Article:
Writing in the British Journal of Nutrition, researchers from the Université Laval report that additional calcium from a supplement affected appetite in obese women with average daily calcium intakes of less than 600 milligrams.
"Our hypothesis is that the brain can detect the lack of calcium and seeks to compensate by spurring food intake, which obviously works against the goals of any weight loss program," said lead researcher Angelo Tremblay. "Sufficient calcium intake seems to stifle the desire to eat more."
The study adds to an ever growing body of science linking calcium intake, mainly from dairy products, in weight loss. The topic is a source of controversy with both camps able to quote research that supports their side and undermines the other.
Over 300m adults are obese worldwide, according to latest statistics from the WHO and the International Obesity Task Force. About one-quarter of the US adult population is said to be obese, with rates in Western Europe on the rise, although not yet at similar levels.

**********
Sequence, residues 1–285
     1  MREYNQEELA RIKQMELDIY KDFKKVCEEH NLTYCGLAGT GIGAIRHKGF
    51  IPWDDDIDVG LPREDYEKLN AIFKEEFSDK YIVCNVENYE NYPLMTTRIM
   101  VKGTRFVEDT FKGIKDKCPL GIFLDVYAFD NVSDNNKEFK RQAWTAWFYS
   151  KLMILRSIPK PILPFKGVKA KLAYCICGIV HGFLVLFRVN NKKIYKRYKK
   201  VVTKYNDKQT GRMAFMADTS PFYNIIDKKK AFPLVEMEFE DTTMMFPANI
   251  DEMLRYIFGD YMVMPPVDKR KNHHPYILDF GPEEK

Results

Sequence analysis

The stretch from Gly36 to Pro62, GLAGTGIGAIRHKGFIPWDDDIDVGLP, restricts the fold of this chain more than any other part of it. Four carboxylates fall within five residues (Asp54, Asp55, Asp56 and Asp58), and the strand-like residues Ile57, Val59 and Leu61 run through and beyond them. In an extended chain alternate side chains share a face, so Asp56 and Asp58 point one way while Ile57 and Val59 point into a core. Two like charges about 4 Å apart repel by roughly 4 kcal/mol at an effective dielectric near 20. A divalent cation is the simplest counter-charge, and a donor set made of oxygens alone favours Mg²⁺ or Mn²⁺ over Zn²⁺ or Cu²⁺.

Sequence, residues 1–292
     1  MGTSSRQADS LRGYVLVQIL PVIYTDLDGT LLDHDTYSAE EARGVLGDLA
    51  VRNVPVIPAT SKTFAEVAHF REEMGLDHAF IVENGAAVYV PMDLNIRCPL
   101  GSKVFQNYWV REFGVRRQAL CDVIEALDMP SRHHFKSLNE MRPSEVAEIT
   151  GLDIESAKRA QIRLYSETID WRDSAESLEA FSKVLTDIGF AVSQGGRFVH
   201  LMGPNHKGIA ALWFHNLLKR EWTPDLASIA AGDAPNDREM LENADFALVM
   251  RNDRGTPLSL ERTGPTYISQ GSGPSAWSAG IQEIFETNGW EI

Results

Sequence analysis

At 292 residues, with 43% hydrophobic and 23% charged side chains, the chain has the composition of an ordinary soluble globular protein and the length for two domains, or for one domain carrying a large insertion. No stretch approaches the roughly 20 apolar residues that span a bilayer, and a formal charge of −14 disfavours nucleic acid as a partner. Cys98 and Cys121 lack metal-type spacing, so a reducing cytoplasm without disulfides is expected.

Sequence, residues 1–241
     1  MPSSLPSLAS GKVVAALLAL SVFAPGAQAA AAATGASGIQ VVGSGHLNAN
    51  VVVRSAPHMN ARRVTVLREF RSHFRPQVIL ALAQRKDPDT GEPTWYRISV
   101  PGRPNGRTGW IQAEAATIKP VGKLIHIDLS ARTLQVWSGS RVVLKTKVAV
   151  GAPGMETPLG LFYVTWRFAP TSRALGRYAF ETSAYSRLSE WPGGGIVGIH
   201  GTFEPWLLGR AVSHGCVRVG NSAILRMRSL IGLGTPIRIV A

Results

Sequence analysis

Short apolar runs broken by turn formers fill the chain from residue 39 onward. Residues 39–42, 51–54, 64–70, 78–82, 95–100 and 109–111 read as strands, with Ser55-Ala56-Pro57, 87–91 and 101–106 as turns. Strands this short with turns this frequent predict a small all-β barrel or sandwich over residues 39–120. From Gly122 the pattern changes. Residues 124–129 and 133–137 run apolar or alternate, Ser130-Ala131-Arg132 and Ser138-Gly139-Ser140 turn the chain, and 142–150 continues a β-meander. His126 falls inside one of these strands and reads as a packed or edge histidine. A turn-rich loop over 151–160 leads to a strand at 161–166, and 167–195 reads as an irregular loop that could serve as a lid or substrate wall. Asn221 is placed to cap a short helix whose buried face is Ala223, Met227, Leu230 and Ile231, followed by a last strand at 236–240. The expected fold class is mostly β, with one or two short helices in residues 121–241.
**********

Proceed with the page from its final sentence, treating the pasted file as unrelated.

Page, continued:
Tremblay and his co-workers recruited 63 overweight and obese women (average age 43, average BMI 32 kg/m2) and assigned them to a 15-week weight-reducing programme supplemented with either a daily calcium plus vitamin D supplement (1200 mg calcium and 10 micrograms vitamin D), or placebo.
All the women had daily calcium intakes of less than 800 mg.
At the end of the study, the researchers reported that the calcium plus vitamin D supplements had no statistically significant improvement in fat loss, relative to placebo.
However, when the researchers limited their analysis to women with very low-calcium intakes, defined as less that 600 milligrams, they found that weight loss was almost 6 kg, compared to 1 kg for women in the control group.
The change in the women’s fat mass was related to a change in lipid intake, they added.
“We propose that this change in lipid intake could be influenced by a calcium-specific appetite control,” wrote the researchers.
Dr Tremblay added that sufficient calcium consumption is therefore important to ensuring the success of any weight loss program. Over 50% of obese women who come to the clinic run by his research team do not consume the recommended daily intake, he added.
Calcium and vitamin D are key performers in the dietary supplements industry, with calcium reported to be the biggest seller in the US supplements industry. Annual sales amounted to about $993m (€836m) in 2004, according to the Nutrition Business Journal.
Source: British Journal of Nutrition Mar 2009, Volume 101, Issue 05, Pages 659-663, doi: 10.1017/S0007114508030808“Calcium plus vitamin D supplementation and fat mass loss in female very low-calcium consumers: potential link with a calcium-specific appetite control” Authors: G.C. Major, F.P. Alarie, J. Dor, A. Tremblay